LUNA #5 (Boom!, 2021) – untitled, [W/A] Maria Llovet. Luna and the blue god defeat Lux, have some weird mystical sex, and turn into constellations. This was an interesting miniseries with some radical artwork, but I’m not sure I want to read Llovet’s future work.

NIGHT HUNTERS #4 (Floating World, 2021) – untitled, [W] Dave Baker, [A] Alexis Ziritt. I couldn’t follow this comic’s plot, and Alexis Ziritt’s atrwork isn’t as exciting as in Space Riders. Ziritt is a terrific and underrated artist, but I wish he would work with a better writer.

AMAR CHITRA KATHA #503 (India Book House, 1971) – “The Sons of Rama,” [W] Anant Pai?, [A] Pratap Mulick. When I go to Heroes I often also visit a nearby used bookstore, Book Buyers. On my last visit I was excited to find two issues of Amar Chitra Katha. These are educational comics about Indian mythology and history. They’re very popular in India but are not easy to find in America, or if they are, I don’t know where to get them. I only have two others in my collection. This issue is based on Bhavabhuti’s Uttararamacharita (translated as Rama’s Last Act), which is itself based on the end of Valmiki’s Ramayana. Rama has rescued his wife Sita from Ravana, but his people demand that he exile her because she’s lived with another man, and she complies. In exile she gives birth to two sons, Luv and Kush, who grow up not knowing that their mother is Rama’s wife. Twelve years later Rama encounters Luv and Kush again while performing a horse sacrifice, which will establish him as the greatest of kings. Luv and Kush defeat Rama’s entire army, and Rama finally realizes that they’re his sons. But Sita asks the earth to swallow her as proof of her chastity, and it does. Rama’s abandonment of his wife is a rather problematic moment in Indian mythology, and this comic’s creators at least try to convey Rama’s ambivalent feelings about this decision, although (from my non-Indian perspective) I’m not sure they succeed. Pratap Mullick’s draftsmanship is kind of loose, but he succeeds in conveying the look of ancient India.

I BREATHED A BODY #5 (AfterShock, 2021) – “Into the Underland,” [W] Zac Thompson, [A] Andy MacDonald. Lots of bizarre stuff happens that I don’t understand, and Gelbacut/The First American/Mylo takes over the world. This series was easier to follow than Lonely Receiver, but it too eventually descended into incoherence. I don’t especially like Zac Thompson’s writing style, and I think I’m going to skip his Ka-Zar series.  

AMAR CHITRA KATHA #626 (India Book House, 1970) – “The Pandava Princes,” [W] B.R. Bhagwat, [A] Subhash Tendle. This is an adaptation of the early part of the Mahabharata. It depicts the youthful rivalry between the Pandavas and Kauravas, which culminates in the Kauravas’ attempt to burn the Pandavas alive in a palace. Then the Pandavas all marry the same woman, Draupadi – it’s a long story – and the issue ends with Krishna killing Shishupala at Yudhisthira’s inaugural sacrifice. This comic is less enjoyable than #503 because it covers more territory and has less of a central theme, and also Subhash Tendle is a less skilled draftsman than Pratap Mulick.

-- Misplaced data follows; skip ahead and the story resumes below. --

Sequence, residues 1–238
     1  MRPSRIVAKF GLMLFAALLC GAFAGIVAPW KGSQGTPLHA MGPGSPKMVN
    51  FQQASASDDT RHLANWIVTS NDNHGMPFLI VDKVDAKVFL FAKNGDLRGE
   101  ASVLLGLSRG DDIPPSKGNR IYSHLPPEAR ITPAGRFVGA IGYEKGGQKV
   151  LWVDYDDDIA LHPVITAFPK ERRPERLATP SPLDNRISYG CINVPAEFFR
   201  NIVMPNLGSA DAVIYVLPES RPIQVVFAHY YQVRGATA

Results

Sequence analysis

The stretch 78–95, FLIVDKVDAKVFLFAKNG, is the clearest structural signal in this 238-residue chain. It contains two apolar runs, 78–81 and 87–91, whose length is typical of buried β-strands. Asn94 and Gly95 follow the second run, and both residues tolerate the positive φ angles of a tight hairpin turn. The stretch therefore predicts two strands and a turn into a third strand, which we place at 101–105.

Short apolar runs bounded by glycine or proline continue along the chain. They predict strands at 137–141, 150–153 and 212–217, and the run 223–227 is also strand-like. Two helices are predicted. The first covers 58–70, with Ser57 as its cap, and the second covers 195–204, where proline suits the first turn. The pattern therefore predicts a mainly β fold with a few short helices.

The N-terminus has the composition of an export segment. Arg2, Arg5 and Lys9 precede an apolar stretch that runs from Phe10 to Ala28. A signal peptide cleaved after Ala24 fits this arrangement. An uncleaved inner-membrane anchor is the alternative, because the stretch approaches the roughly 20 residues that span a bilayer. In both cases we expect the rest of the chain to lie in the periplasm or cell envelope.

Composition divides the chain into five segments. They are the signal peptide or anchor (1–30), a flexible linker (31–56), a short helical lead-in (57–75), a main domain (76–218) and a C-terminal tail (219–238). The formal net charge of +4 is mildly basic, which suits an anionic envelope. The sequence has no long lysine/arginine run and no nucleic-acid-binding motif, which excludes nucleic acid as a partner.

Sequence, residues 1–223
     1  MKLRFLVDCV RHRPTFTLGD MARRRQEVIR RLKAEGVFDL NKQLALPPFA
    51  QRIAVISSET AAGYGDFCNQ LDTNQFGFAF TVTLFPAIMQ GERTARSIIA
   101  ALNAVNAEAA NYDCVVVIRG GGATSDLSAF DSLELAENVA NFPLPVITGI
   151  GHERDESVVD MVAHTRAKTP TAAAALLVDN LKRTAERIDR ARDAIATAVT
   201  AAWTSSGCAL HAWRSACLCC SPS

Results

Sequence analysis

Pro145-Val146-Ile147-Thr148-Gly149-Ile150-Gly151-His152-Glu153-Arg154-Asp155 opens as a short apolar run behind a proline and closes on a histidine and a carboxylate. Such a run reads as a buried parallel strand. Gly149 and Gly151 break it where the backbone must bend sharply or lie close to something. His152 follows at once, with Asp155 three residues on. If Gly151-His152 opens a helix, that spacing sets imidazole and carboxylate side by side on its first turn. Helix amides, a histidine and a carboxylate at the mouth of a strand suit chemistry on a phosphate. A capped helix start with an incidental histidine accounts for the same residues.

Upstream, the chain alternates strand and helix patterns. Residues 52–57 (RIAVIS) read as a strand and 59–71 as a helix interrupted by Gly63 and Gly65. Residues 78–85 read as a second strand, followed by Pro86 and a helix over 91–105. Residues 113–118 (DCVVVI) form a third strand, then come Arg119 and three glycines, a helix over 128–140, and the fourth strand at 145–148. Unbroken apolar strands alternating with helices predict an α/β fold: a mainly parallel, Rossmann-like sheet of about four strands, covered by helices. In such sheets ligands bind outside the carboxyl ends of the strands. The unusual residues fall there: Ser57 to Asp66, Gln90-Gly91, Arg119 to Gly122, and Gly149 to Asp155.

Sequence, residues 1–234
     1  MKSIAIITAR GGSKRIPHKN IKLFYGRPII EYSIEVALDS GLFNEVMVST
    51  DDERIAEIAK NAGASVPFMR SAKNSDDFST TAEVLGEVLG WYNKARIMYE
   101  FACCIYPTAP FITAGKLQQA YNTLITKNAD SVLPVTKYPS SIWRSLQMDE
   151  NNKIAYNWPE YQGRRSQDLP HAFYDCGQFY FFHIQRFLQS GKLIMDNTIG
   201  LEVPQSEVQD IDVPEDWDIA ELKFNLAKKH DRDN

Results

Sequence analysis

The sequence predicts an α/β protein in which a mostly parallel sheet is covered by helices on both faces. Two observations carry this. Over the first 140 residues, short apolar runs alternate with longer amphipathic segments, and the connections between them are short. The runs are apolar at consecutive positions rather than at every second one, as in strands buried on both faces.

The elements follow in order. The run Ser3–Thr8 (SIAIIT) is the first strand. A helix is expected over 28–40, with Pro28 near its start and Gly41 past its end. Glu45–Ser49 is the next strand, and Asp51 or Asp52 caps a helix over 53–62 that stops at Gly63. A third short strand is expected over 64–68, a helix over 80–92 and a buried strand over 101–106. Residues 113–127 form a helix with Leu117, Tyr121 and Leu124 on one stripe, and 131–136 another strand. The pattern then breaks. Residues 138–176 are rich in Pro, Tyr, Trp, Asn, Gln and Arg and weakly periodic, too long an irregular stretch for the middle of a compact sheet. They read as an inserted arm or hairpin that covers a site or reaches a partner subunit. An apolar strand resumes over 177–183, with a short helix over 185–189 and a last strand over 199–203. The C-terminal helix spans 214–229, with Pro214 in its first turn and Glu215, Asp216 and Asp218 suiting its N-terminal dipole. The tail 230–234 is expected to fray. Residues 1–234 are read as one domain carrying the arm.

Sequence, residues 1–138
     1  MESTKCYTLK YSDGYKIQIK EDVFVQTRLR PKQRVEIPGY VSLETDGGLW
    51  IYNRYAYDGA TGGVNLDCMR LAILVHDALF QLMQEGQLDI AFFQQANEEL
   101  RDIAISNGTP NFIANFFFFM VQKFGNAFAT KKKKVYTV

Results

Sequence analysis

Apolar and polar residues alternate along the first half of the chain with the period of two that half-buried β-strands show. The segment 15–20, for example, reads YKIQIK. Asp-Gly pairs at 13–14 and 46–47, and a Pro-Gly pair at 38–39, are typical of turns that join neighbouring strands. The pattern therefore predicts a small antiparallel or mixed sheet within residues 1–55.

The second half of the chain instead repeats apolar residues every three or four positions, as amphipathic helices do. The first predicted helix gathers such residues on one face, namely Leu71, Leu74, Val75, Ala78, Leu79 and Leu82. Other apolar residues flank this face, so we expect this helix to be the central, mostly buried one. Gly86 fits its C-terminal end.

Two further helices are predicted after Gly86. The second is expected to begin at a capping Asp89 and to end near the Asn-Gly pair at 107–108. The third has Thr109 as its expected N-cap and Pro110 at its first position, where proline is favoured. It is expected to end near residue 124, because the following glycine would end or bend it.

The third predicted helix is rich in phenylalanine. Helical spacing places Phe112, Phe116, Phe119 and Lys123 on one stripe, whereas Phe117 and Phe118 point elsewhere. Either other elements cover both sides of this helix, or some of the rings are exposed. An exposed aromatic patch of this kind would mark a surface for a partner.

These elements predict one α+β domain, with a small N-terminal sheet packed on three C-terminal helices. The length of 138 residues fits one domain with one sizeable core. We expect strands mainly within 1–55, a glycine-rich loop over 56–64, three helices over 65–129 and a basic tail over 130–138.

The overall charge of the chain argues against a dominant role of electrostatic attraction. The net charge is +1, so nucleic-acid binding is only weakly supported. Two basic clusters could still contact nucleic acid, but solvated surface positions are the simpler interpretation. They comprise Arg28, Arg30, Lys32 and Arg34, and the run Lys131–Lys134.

CATWOMAN #32 (DC, 2021) – “Everything You Know About Selina Kyle,” [W] Ram V, [A] Evan Cagle. A bunch of characters tell stories about Selina, each of which reveals a different facet of their personality. This is probably my least favorite Ram V comic, but I’m not quite ready to quit reading it yet.

2000 AD #83 (IPC, 1978) – Robo-Hunter: “Verdus,” [W] John Wagner, [A] Ian Gibson. Sam and Kidd find SJI after some difficulty. This chapter again showcases Ian Gibson’s incredible skill at drawing robots and machinery. Dan Dare: “The Doomsday Machine,” [W] Nick Landau & Roy Preston, [A] Trevor Goring & Garry Leach. A human survivor, “Kid,” leads Dare and his crew through the ship, but Bear is killed fighting a giant sloth bear or something. The supporting characters in these Dan Dare strips were all expendable because they weren’t part of Dare’s classic supporting cast. Dredd: “The Cursed Earth Chapter 23: Legion of the Damned!”, [W] Pat Mills, [A] Mike McMahon. Dredd and friends are almost at Mega-City Two, but they’re attacked by robots left over from the Battle of Armageddon in the year 2071. McMahon draws some stunning-looking robots, though of course in a very different style from Gibson. Ant Wars: untitled, [W] Gerry Finley-Day, [A] Alfonso Azpiri. Villa and Anteater make it to the command center where the Latin American generals are assembled. They learn that there’s no more of the pesticide that made the giant ants, so all they need to do is defeat the existing ants. This issue also includes a Future Shock.